ASUU counters JAMB, Pantami as it fires four-week warning strike – Nexus News

Students and parents are in for tough times as members of the Academic Staff Union of Universities (ASUU) embark on a four-week warning strike.

The union, yesterday, commenced a one-month strike to protest non-implementation of a 2009 Memorandum of Understanding (MoU) as agreed with the Federal Government.

Rising from its two-day National Executive Council (NEC) meeting at the University of Lagos (UNILAG), the union stated that though the decision to interrupt the academic calendar, at this time, is painful, it has no other alternative because the government has ceased to fully meet its demands.

ASUU national president, Prof. Emmanuel Osodeke, who was backed by past and current officials of the union, also blamed the Joint Admissions and Matriculation Board (JAMB) and its registrar, Prof. Ishaq Oloyede, for intervening in admissions, stating that only the Senate of universities are legally empowered to do so.

On the strike, Osodeke noted that given the Federal Government’s failure to fully implement the Memorandum of Action (MoA) signed with the union, since December 23, 2020, it has no choice than to embark on strike.

Dr. Isa Pantami

He noted: “Government has failed to fully implement the MoA signed with ASUU; the draft report of the renegotiated 2009 FGN/ASUU agreement has been submitted for finalization for more than nine months; the forced payment of ASUU members’ salaries and emoluments with the Integrated Payroll and Personnel Information System (IPPIS) and non-adoption of the University Transparency and Accountability Solution (UTAS) have continued to shortchange members.

“Subsequently, NEC resolved to embark on a four-week roll-over total and comprehensive strike effective yesterday (Monday).”

He said: “It was a painful decision for NEC to arrive at. Contrary to the views canvassed in some quarters, ASUU loathes disrupting academic activities on our campuses. We love our students and respect their parents and guardians. We are also not insensitive to the genuine concerns about stable academic calendars in public universities expressed by patriotic Nigerians. But the blame should be squarely put at the doorsteps of those who have ignored our yearnings for a development-oriented education in Nigeria.”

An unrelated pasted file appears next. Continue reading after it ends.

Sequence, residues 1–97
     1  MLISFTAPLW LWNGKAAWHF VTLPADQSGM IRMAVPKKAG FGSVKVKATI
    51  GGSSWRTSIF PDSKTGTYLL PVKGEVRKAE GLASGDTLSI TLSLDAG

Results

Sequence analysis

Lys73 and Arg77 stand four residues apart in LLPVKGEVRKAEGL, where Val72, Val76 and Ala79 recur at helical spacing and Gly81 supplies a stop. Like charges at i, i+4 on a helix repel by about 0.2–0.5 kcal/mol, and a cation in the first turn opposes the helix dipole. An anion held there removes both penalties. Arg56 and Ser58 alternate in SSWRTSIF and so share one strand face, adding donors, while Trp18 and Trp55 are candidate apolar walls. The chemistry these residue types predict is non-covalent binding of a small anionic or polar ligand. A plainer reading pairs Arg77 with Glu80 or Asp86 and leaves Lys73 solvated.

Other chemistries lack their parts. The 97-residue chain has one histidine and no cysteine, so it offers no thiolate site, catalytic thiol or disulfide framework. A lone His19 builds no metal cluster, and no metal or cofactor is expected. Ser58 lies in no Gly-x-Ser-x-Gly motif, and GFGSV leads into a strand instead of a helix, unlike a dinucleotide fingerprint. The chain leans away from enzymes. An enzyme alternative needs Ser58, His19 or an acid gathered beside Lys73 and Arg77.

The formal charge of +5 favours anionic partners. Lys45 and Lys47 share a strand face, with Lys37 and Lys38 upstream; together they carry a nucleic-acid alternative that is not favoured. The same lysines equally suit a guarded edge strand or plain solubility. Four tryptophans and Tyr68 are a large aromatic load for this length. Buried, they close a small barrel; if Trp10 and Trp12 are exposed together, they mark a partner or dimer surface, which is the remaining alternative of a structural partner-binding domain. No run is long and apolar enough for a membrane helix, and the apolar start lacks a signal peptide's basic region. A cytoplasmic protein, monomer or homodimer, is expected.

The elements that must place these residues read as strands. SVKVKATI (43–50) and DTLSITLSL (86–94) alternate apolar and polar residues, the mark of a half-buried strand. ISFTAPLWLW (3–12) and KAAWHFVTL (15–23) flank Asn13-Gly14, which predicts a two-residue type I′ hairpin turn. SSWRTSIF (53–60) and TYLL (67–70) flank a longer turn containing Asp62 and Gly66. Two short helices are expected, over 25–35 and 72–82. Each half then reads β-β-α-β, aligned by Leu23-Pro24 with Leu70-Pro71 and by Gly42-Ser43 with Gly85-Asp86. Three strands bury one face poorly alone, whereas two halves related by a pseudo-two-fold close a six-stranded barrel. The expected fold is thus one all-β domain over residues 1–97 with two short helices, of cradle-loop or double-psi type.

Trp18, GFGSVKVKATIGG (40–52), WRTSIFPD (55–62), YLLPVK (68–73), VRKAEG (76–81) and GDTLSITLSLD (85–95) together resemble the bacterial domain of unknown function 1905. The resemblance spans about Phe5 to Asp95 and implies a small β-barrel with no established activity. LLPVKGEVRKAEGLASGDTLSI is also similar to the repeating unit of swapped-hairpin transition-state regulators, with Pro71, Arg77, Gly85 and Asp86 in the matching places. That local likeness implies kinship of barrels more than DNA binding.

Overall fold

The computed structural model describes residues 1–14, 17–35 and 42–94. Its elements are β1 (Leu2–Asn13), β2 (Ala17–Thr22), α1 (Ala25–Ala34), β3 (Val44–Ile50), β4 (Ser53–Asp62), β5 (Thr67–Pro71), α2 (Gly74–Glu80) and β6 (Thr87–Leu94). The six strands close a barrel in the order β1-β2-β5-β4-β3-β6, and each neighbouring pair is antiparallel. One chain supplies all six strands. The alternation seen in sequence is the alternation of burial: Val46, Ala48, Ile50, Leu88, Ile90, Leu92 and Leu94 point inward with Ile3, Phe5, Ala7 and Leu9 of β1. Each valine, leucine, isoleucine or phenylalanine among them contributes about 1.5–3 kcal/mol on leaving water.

Osodeke stated that the patience of the union has been tasked beyond tolerable limits. He also said that the greatest assets of any nation is its human capital, cautioning that any nation that pays lip service to education, as is being done in Nigeria, would only grow in age and not experience genuine development.

While displaying his concern over the ‘meddlesomeness’ of JAMB in admission processes and regulation of academic activities, ASUU reiterated that the action opposes the principle of university autonomy.

Osodeke explained that the examination body was established to conduct matriculation examinations for admissions into tertiary institutions and to also pass out information on all matters relating to such, while it is the prerogative of each university senate to superintend all academic matters in the institutions.

“These include setting the admission requirements and approval of university undergraduate and postgraduate programmes. JAMB has no powers to decide qualification for admission and does not have powers to give admission or delist programmes of universities. At best, JAMB is an examination body and clearing house for admission. Giving admission to candidates is the duty of the senate, while accreditation of programmes is the prerogative of the National Universities Commission.”

The ASUU chief also blamed the examination body on fees being charged candidates for the Unified Tertiary Matriculation Examination (UTME) to ‘impress’ the Federal Government, emphasizing that JAMB is not a revenue generation agency.